Do you have a passion for being outside but lack the motivation to spend hours driving or researching forgotten trails? It’s no surprise that WA’s an amazing place, but when looking for new areas to explore, the sheer size can sometimes be a bit daunting. Luckily, we’ve got you covered with these five walking trails you can do without even having to leave Perth.
Bells Rapids Trail
If you’ve been wanting to explore some of Perth’s riverways look no further than Bells Rapids. Only 40 minutes’ drive north-east from the Perth CBD, Bells Rapids is considered to be the ideal place to view the Avon Descent. Outside of the race, it’s also a great place to head for a morning or afternoon hike by the river. This trail is a fairly short 5.5km loop but make no mistake, it’s not as easy as it sounds. There’s a lot of loose gravel and rock which make good walking shoes a must-have. And there’s at least one steep incline that’ll leave you huffing and cursing your thighs before you reach the top. But don’t let that put you off – this trail is a great way to view the Swan River and surrounding bushland of the Perth hills while getting in some valuable exercise.
Railway Heritage Trail
Are you tired of the visiting the same old walking trails and want something unique? If so, you might consider making a 30-minute drive out to Swan View to try your hand at the Railway Heritage Trail. Located within WA’s oldest national park, the Railway Heritage trail is a relatively unknown trail within the 1600 hectares that make up John Forrest National Park.
There are seven trails for hikers within the national park, with the heritage trail following the path of the old railway line through the hills for 15km. Unfortunately, the train tracks have been pulled up, but what makes this trail really unique is the historical train tunnel open for visitors to explore. It’s only around a 15-minute walk from the Pechey Road carpark to reach the entrance of the Swan View Tunnel – hailed to be Perth’s most Instagrammable and haunted tunnel. The tunnel is definitely photo-worthy, if a bit spooky, and both cyclists and hikers can enjoy the wide gravel path through the hills, with stops at both the tunnel and nearby waterfall.
Lesmurdie Falls Trail
If waterfalls are your jam, you can’t pass up a visit to Lesmurdie Falls. Located close to Perth, within the Mundy Regional Park, Lesmurdie falls is widely considered one of the most spectacular waterfalls within the Darling Escarpment. The main trail follows a path from the base of the waterfalls to a lookout located above the top of the falls. Visitors have the option of parking at either end of the 2km trail, and while the basic trail doesn’t require you to have a high level of fitness, it is still quite challenging. Think stairs – lots and lots of stairs. It’s a steep ascent from the base of the waterfall to the overlook above. The views are well worth it however, as is the waterfall. Just be mindful of the seasons, as the waterfall does dry up during most of summer and autumn.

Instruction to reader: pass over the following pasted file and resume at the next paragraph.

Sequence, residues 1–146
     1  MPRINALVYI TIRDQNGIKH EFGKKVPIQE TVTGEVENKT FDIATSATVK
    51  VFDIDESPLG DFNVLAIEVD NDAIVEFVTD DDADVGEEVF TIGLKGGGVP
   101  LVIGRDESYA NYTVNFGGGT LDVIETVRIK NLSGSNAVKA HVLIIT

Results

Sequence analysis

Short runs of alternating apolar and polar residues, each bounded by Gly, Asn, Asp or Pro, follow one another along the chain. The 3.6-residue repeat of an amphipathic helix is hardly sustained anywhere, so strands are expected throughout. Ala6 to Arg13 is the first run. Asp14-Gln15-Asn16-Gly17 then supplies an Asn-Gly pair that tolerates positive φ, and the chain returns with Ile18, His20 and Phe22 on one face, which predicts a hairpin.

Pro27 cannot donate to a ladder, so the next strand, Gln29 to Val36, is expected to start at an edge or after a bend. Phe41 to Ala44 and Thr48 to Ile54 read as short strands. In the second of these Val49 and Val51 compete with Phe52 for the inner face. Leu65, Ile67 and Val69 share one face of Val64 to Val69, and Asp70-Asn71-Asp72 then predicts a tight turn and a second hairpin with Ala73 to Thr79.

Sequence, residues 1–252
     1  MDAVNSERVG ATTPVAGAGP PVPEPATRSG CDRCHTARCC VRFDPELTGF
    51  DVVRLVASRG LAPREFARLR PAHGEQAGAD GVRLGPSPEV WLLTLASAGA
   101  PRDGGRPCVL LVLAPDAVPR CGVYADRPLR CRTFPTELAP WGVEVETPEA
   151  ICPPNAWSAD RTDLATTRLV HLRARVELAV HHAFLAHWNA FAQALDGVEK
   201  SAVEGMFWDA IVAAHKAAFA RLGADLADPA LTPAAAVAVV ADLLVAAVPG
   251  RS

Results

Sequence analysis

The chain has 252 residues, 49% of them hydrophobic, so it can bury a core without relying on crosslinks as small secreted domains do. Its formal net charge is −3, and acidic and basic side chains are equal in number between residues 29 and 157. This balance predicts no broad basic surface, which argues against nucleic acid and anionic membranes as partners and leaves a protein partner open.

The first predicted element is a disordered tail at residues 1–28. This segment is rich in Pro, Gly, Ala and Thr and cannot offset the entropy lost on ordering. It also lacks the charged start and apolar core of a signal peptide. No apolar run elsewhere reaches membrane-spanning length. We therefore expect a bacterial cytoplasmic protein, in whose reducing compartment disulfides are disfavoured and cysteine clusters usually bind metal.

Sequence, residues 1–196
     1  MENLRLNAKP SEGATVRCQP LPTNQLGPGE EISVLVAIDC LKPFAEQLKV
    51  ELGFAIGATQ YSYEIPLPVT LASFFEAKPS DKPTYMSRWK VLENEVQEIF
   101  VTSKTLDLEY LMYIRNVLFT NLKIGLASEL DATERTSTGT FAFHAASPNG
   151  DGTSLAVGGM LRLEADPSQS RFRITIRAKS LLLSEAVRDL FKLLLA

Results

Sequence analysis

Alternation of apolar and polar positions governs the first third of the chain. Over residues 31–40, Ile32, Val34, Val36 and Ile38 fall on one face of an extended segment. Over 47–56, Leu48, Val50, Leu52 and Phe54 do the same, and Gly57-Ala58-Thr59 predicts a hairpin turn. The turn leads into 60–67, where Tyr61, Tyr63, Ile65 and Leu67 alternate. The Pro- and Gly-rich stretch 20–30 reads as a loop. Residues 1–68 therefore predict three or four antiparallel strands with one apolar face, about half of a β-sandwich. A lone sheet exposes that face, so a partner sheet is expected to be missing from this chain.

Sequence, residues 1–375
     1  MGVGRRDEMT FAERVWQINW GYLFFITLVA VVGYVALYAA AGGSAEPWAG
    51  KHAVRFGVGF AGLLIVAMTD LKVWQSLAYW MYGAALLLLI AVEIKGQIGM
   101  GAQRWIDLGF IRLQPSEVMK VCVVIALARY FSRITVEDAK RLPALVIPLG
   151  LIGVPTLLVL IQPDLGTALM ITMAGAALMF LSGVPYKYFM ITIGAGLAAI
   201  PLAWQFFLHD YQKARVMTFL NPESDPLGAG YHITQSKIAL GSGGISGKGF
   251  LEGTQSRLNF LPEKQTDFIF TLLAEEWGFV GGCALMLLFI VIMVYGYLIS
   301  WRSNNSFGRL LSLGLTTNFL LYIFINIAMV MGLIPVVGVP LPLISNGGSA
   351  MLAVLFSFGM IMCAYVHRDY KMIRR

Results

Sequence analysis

Ellis Brook Valley Trail
Are you looking for a little bit of colour and pizzazz to spice up your bushwalks? With over 500 wildflower species, the Ellis Brook Valley might just be the place for you. Located only 33 minutes south-east of the Perth CBD, the Ellis Brook Valley offers four walking trails for a range of abilities. Families may enjoy the Easy Walking Trail, a flat 500 metre walking trail though Wandoo Woodland, while experienced hikers may prefer the more difficult 2km long Sixty Foot Falls Trail, which offers a spectacular view of the city and valley from the top of the falls. Spring is the ideal time to visit the valley, with the birds and wildflowers at their peak during mid-September and November.
Whiteman Park Trails
If you’re not looking to go much further than the inner suburbs of Perth, you might consider a trip to Whiteman Park. Only a 20-minute drive north-east of the Perth CBD, Whiteman is a little slice of wilderness within the suburbs. It’s a great place for easy bushwalks and is home to three main bushwalking trails – Goo Loorto, Werillyiup, and Wununga – as well as a number of small walking and cycling paths. The trails are generally quiet, and the area is teeming with wildlife. It is not unusual to stumble upon a kangaroo or two while wandering through the park. This is a considerably safe option for beginner and solo bushwalking as there are a number of facilities located nearby within the heavily populated area.
About the author:
Shelby Baile is a Perth local who devotes most of her time to balancing her three great loves; traveling, reading, and writing. She is a freelance writer currently completing a seemingly never-ending degree in Public Relations and Professional Writing, Editing, and Publishing. When she’s not traveling, writing or studying she enjoys hanging with her cat, eating chocolate, and binge-watching Netflix.